You win Beetle, carbon fibre turns out to be 'not very good' at dissipation of heat.
Hey, but if you were after heat retention in winter, it might be a good thing, right?
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beetle
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PostSubject: Re: 8V overcooling project   8V overcooling project Icon_minitime1Fri Apr 05, 2019 3:29 pm


So CF would be good for winter, but not so much in summer?

Hmm.... scratch



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sideshowbob
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PostSubject: Re: 8V overcooling project   8V overcooling project Icon_minitime1Fri Apr 05, 2019 6:37 pm

Nicely done! That AN stuff can get pricy, but great stuff.
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beetle
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PostSubject: Re: 8V overcooling project   8V overcooling project Icon_minitime1Sat Apr 06, 2019 12:55 am

Well, first test tide was quite promising. Unfortunately, the weather here was quite warm. Ambient temp was around 28C, so I look forward to a cooler day for further tests.

Engine temp was 71C when I started logging. It took 4 minutes to get to 100C. Peak temp was 115C, with an average of 109C over a 33 minute ride. For those interested in the raw data, you can download the log (in excel format) from my drop box.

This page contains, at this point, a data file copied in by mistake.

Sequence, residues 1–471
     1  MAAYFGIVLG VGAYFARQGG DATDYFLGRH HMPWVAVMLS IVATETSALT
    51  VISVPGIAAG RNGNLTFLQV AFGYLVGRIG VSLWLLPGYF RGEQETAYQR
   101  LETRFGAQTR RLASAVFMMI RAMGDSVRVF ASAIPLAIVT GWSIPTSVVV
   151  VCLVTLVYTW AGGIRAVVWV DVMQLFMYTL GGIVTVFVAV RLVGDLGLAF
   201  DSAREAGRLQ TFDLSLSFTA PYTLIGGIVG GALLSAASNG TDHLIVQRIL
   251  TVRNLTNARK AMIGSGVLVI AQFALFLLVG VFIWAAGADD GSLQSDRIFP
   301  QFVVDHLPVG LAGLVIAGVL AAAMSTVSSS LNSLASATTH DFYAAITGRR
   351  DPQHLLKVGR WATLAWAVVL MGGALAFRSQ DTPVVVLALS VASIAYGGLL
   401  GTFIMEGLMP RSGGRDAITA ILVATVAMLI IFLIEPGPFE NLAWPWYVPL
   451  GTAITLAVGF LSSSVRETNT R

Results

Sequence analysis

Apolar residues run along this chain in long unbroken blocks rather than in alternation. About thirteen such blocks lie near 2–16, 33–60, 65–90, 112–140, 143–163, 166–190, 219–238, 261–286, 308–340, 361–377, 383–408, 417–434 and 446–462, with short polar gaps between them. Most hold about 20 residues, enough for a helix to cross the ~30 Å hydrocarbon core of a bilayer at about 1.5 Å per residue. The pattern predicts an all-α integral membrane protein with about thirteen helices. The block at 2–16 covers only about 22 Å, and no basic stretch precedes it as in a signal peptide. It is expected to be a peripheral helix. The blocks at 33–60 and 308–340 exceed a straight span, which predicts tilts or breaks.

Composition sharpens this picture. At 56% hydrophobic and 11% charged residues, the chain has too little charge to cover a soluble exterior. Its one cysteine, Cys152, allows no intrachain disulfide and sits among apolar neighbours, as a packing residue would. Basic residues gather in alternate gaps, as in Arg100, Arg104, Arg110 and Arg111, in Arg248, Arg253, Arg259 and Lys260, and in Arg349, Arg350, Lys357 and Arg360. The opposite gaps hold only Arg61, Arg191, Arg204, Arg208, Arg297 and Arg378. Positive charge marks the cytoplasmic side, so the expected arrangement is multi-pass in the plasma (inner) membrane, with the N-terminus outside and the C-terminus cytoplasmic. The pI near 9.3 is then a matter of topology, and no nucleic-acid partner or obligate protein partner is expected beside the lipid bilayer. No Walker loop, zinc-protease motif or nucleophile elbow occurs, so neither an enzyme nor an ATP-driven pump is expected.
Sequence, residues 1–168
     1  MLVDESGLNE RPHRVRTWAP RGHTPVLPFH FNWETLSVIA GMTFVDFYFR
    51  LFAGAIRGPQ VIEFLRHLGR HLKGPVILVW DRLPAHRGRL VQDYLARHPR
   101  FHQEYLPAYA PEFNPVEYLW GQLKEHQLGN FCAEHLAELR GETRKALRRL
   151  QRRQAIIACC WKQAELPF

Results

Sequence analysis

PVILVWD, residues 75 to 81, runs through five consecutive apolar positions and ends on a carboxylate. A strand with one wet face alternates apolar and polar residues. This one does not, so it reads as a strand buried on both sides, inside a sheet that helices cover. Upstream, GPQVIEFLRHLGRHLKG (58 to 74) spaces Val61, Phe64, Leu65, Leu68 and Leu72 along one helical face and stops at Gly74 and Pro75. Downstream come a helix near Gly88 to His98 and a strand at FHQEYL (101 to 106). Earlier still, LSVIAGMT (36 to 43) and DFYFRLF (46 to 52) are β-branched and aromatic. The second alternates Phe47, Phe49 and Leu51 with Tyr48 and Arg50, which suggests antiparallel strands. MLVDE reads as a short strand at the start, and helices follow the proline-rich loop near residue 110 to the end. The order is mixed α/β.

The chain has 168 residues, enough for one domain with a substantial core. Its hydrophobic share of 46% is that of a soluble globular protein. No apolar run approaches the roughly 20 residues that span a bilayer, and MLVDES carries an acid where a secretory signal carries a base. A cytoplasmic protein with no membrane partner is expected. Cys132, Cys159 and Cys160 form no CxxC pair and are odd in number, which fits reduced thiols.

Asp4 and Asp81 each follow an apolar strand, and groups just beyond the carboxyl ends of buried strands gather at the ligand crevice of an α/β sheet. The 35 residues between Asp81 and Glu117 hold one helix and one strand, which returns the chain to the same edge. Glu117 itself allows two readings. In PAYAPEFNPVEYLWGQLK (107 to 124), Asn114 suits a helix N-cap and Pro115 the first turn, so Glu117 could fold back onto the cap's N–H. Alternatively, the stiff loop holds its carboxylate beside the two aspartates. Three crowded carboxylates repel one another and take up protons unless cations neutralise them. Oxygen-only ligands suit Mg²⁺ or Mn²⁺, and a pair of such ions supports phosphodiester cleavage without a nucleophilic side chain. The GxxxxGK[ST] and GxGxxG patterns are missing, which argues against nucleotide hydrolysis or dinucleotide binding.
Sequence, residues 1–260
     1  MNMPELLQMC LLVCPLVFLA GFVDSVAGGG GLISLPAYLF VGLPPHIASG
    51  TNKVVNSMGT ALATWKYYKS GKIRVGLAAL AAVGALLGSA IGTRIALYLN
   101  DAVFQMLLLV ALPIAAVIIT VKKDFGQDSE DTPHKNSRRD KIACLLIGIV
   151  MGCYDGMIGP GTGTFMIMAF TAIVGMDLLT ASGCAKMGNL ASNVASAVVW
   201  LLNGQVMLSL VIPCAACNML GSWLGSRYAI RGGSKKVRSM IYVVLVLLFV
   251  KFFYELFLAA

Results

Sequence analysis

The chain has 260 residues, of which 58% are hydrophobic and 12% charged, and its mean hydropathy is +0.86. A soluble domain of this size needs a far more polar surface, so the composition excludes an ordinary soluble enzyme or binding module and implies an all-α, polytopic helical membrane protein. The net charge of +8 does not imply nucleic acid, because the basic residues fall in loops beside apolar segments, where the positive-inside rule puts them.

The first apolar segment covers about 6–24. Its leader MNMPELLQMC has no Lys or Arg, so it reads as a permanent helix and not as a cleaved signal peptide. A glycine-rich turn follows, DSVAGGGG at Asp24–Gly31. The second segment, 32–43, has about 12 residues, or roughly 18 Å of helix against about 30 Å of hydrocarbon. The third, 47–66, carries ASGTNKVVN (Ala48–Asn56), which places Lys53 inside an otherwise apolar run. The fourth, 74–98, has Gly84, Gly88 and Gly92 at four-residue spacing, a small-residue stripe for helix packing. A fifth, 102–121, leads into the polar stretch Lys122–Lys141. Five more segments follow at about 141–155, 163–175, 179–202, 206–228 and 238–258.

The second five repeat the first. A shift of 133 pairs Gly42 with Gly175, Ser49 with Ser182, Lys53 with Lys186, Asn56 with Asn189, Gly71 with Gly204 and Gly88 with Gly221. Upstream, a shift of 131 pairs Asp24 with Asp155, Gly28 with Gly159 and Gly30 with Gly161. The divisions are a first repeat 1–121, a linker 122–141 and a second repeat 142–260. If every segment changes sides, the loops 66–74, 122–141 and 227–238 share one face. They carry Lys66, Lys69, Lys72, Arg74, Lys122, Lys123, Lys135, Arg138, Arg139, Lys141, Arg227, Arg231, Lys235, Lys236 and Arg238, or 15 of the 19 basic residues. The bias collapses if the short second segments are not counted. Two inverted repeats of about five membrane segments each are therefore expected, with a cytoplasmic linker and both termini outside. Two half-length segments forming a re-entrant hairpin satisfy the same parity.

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The hardware performed flawlessly. No leaks. cheers






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waterbottle
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PostSubject: Re: 8V overcooling project   8V overcooling project Icon_minitime1Sat Apr 06, 2019 1:59 pm

beetle wrote:


The hardware performed flawlessly. No leaks.  cheers

This is a BIG Plus Rolling Eyes Laughing Well done cheers
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Brent S
Grignapoco
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PostSubject: Re: 8V overcooling project   8V overcooling project Icon_minitime1Sat Apr 06, 2019 7:50 pm

Nice job there Beetle.

The temp stats you are getting are quite different to mine. Fitted one of those MG Cycle adjustable oil cooler covers. First ride with it on. 24 degree Melbourne day with a decent northerly wind blowing. Mostly a steady 60kph, with the odd stop for traffic and a few side streets. Dipstick thermometer showed between 117-120 degrees C oil temps. Cooler vents were open.

Your ambient temps were approx 3-4 degrees warmer than mine, but your oil temp settled about 10 degrees lower. I wouldn’t have been able to get down to 109 degrees without Riding the thing into the bay. Starting to wonder if my thermometer is reading high. What was your average speed if you don’t mind my asking?
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kiwi dave
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PostSubject: Re: 8V overcooling project   8V overcooling project Icon_minitime1Sat Apr 06, 2019 7:52 pm

Brent S wrote:
Starting to wonder if my thermometer is reading high.

Haven't you checked it in boiling water yet, Brent?
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Brent S